Why was the retro look adopted? Possibly because Jaguar had stumbled with the XJ40. Although the XJ40 had been launched to widespread acclaim, early examples had suffered from electrical, steering and suspension problems. To quote Clive Ennos who took over from Jim Randle as Jaguar Technical Director: “And the XJ40 was produced remarkably, with about 300 people. Unfortunately, however, it needed a little more development when it got out into the field”.

Regrettably, the quality issues with the early XJ40s damaged Jaguar’s reputation as a luxury car manufacturer, particularly in the important American market, an arena that Lexus had now entered with its more contemporary looking LS400. In the 1980s, the Series 3 had firmly established Jaguar as a quality manufacturer, a status the XJ40 came close to destroying. With the X300, Jaguar hoped to re-kindle fond memories of the Series 3.

The X300’s retro styling was a risky move in comparison with the state-of-the-art designs from the likes of Lexus, BMW and Mercedes-Benz. By the time Clive Ennos joined Jaguar, its Whitley development centre had 1050 engineers working there, and Ford-style working methods were used to develop the X300. Clive Ennos commented in 1996: “There was no really affordable and containable cycle plan at that stage. Once a cycle plan had been put together, we had a superb talent base here in the engineering group… That was excellent in that we were very open-minded and could take on board some of the Ford processes and disciplines, and use them to really excellent effect. So the X300 was the first programme on which we pulled together”.

The X300 was the first Jaguar to benefit from computer-aided design (CAD) with the data of the new body shape electronically stored for use in the manufacturing process. Jaguar claimed there was more headroom in the X300 than the outgoing XJ40. As mentioned earlier the interior from the XJ40 was retained apart from a new design of seats. Jaguar claimed the new body shape was more aerodynamic – and it needed to be, as fuel tank capacity had shrunk from 19 gallons (86.4 litres) to 17.8 gallons (81 litres).

The engine story

Supercharged straight-six in the XJR was good for 322bhp...
Supercharged straight-six in the XJR was good for 322bhp…

Engines for the X300 were the venerable V12 and a revised six-cylinder AJ6 engine, now re-christened AJ16. These revisions were intended to answer criticisms that the AJ6 was not as refined as it should be; indeed one journalist likened revving an AJ6 to thrashing a Morris 1100! In late 1989, the Lexus LS400 had made its debut with its 4-litre 32-valve V8. To Jaguar engineers, brought up with the tradition that mechanical refinement could only be arrived at through the use of six- and 12-cylinder engines, the refinement of the Lexus V8 came as a shock, because it was considerably smoother and more economical than the 4 litre AJ6.

The Jaguar engine did retain a torque advantage however. As related earlier, Jaguar embarked on its own V8 engine programme, the AJ26, in 1990, that was due to arrive some time in the future – and that’s why the AJ6 received a programme of revisions to become the AJ16. In 4-litre form, power was up to 245bhp and torque similarly improved to 289lb ft.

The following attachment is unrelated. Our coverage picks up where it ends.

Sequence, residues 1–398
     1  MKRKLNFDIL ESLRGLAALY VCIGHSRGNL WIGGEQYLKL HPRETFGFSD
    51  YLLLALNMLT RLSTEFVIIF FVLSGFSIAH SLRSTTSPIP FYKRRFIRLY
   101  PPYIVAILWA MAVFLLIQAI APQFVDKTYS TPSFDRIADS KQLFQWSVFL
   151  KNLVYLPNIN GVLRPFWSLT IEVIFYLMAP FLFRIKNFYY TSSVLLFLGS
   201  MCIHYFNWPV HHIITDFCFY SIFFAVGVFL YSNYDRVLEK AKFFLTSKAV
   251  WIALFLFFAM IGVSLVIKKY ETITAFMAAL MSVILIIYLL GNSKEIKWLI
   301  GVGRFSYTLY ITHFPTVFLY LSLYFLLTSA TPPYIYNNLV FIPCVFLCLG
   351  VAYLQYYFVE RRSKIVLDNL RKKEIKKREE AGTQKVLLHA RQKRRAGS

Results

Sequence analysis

The supercharged 322bhp XJR also arrived to challenge the BMW M5 but the 313 bhp V12, which was carried over from the XJ40, remained the pinnacle of the range. However, in terms of numbers, it was having real trouble making a case against the grunty new XJR. The V12 was vulnerable to emissions legislation, and demand for the engine evaporated globally once the six-cylinder XJS was fully on stream.

The X300 V12 was codenamed the X305, and was better engineered than its predecessor, the XJ81. That car developed a reputation for wearing out its mechanical parts twice as fast as the six-cylinder XJ40, something that was rectified with its replacement. The X305 appealed to those who wanted a luxury car with all the trimmings, while the XJR had more sporting appeal. Wheel size went up from the XJ40’s 15-inch to 16-inch, although the XJR had 17-inch alloys.

Jaguar X300 figures

3.2 AJ164.0 AJ164.0 AJ16
6.0 V12
Maximum Power216bhp
Fuel consumptionN/AN/A23.4mpg18.4mpg
Maximum speed138mph144mph155mph

In June 1995, Jaguar announced the long wheelbase X330. This became the standard bodyshell for the 4-litre Sovereign in October 1996. A sign of things to come was on 17 February 1997 when Jaguar’s engine factory at Radford (the former Daimler factory) produced the very last V12 engine. In fact it was only two months later on 17 April 1997, that the very last XJ12 came off the Browns Lane production line – swiftly to to become a museum exhibit. For all its reputation for smoothness, engine technology had moved on 1971 and noise suppression techniques had allowed more economical smaller capacity engines to catch up. In its final months the X305 had only been available to special order, anyway.

In all, only around 3400 X305s were manufactured. The X300 ceased production in August 1997 to make way for the V8 powered X308. The production run of 92,038 meant that the X300 had sold well but, with an average annual production of just over 30,000 cars, it showed Jaguar had not yet managed to reclaim the ground surrendered by the XJ40 in 1989/90 – even though the X300 was a much better car. The X300 was, in fact, a phased evolution of the original XJ40, and the next step was the X308.